Nutrients are found in foods that are essential to human growth and function. There are six nutrient groups: carbohydrates, fats, proteins, vitamins, minerals and water. All six have functions that are directed to another body part, and together they provide the state of our health. The various functions of some nutrients are described in detail below:
Carbohydrates, Fats and Proteins
Carbohydrates, fats and proteins fall into one category because they are called macro nutrients, i.e. large amounts of amounts are needed. This is because energy is largely derived from foods containing carbohydrates, fats or proteins, and energy and essential energy for exercise and exercise are also derived from these nutrients. Carbohydrates are the most important source of fuel for our body, especially in our brain and exercise. On the other hand, fats are an important source of energy when our bodies are at rest and during low intensity exercises. Proteins support tissue growth, repair and maintenance. The following are sources of good carbohydrates, fats and proteins:
- Carbohydrates: Vegetables, whole grain pasta, whole wheat bread
- Fats: oils such as vegetables, rape and flaxseed  Vitamins
Vitamins are essential nutrients because they build and maintain healthy bones and muscle tissue. They support our immune system, maintain the health of our blood and ensure a healthy vision. Vitamins are microelements, that is, small amounts are needed to maintain normal health and body functions. Some examples of common vitamins include vitamins C and K, as well as plenty of vitamin B.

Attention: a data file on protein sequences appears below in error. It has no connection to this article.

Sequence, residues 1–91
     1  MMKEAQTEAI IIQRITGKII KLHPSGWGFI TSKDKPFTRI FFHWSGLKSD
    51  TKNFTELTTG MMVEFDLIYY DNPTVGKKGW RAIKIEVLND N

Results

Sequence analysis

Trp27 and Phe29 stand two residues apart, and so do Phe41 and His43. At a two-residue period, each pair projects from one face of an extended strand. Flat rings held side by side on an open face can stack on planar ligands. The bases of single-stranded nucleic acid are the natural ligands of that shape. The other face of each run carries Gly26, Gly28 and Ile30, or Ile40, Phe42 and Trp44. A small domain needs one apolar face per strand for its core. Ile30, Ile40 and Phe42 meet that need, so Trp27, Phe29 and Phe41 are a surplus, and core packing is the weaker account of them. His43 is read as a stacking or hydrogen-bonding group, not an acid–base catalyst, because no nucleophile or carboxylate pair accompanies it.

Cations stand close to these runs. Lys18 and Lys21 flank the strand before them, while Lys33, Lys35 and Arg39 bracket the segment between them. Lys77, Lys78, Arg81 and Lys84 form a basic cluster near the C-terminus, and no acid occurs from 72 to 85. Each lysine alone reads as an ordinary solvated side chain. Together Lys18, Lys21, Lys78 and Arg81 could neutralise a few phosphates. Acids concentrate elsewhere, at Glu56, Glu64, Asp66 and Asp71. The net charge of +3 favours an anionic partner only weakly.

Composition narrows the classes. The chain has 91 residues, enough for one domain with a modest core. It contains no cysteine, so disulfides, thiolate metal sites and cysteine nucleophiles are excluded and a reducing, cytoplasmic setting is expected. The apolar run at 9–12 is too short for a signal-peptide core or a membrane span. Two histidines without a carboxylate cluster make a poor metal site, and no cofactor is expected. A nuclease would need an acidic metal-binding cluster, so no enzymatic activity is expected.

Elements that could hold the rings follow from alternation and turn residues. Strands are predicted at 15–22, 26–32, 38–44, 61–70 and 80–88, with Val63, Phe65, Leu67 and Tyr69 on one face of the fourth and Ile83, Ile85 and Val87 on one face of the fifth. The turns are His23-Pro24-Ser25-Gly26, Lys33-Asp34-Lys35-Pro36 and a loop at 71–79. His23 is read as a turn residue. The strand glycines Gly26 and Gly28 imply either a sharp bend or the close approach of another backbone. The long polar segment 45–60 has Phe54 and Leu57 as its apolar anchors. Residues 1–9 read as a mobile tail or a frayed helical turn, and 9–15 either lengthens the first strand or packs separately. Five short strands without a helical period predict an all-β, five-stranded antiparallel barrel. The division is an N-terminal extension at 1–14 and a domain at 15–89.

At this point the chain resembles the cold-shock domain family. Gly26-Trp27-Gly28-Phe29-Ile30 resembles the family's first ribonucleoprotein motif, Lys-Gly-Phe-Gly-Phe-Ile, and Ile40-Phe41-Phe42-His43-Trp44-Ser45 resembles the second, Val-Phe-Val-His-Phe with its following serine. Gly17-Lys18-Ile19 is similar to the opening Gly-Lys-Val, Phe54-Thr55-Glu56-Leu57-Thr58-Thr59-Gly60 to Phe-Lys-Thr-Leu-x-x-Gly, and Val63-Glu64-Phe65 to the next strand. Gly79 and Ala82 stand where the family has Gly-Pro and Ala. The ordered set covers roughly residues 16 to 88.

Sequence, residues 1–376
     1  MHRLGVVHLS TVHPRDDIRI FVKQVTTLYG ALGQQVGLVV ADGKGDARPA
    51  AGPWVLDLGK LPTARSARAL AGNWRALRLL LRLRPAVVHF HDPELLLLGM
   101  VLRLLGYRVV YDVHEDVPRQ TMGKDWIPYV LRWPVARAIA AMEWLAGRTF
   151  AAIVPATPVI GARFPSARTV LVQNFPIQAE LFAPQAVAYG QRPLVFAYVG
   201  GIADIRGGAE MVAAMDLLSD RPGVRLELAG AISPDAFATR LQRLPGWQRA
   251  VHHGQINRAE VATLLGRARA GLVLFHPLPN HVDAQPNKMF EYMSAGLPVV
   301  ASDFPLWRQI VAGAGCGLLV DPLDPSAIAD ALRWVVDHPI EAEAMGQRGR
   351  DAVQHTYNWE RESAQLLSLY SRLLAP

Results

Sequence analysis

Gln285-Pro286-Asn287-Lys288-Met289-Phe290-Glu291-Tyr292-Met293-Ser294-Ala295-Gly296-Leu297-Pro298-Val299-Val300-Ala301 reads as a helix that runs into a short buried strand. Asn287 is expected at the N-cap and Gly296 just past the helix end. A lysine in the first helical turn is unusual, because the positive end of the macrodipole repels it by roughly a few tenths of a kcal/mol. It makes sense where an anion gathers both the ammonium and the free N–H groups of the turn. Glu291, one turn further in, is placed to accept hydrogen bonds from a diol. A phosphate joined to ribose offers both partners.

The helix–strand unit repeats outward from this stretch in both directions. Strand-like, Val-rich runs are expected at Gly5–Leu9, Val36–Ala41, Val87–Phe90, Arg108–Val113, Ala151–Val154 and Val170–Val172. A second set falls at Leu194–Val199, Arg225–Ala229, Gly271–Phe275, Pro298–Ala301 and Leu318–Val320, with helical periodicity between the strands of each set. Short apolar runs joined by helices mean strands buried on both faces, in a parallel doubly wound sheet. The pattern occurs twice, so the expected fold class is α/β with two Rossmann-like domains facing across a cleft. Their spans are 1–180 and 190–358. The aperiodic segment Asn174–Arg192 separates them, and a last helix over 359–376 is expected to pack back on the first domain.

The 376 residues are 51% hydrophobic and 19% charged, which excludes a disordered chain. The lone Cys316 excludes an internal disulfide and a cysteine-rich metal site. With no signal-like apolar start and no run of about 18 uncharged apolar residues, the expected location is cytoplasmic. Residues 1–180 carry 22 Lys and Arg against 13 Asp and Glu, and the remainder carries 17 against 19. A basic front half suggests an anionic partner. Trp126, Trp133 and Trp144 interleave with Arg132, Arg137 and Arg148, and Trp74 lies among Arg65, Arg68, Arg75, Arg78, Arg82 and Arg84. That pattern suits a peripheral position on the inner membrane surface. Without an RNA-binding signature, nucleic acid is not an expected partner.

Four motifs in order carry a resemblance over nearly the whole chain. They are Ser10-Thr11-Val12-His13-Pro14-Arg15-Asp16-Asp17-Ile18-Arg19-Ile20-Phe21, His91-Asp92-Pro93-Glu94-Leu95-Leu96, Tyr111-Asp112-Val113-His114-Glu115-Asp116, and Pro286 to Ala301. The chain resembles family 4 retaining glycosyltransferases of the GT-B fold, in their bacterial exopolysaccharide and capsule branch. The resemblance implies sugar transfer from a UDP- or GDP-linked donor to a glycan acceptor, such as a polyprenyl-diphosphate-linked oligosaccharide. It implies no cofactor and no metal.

Minerals help regulate a number of body functions, some of which include fluid control, and bone and blood. This nutrient helps to get rid of the harmful metabolism of our body. Some of the well-known minerals include calcium, potassium, sodium and iron.
Water is one of the most important nutrients, especially because it is extremely important for survival. Proper water absorption maintains the balance of liquids in and outside our cells. Water is also critical because it helps regulate nerve pulses, waste products selection, muscle contraction, and nutrient delivery. Water is used in solid form, for example in fruits and vegetables and in liquid form, e.g. Juices and soups. The consumption of eight to ten glasses of water ensures that the above body functions are properly performed
Overall, with the regular intake of the required amount of each of the six nutrients, you are able to maintain the desired body mass.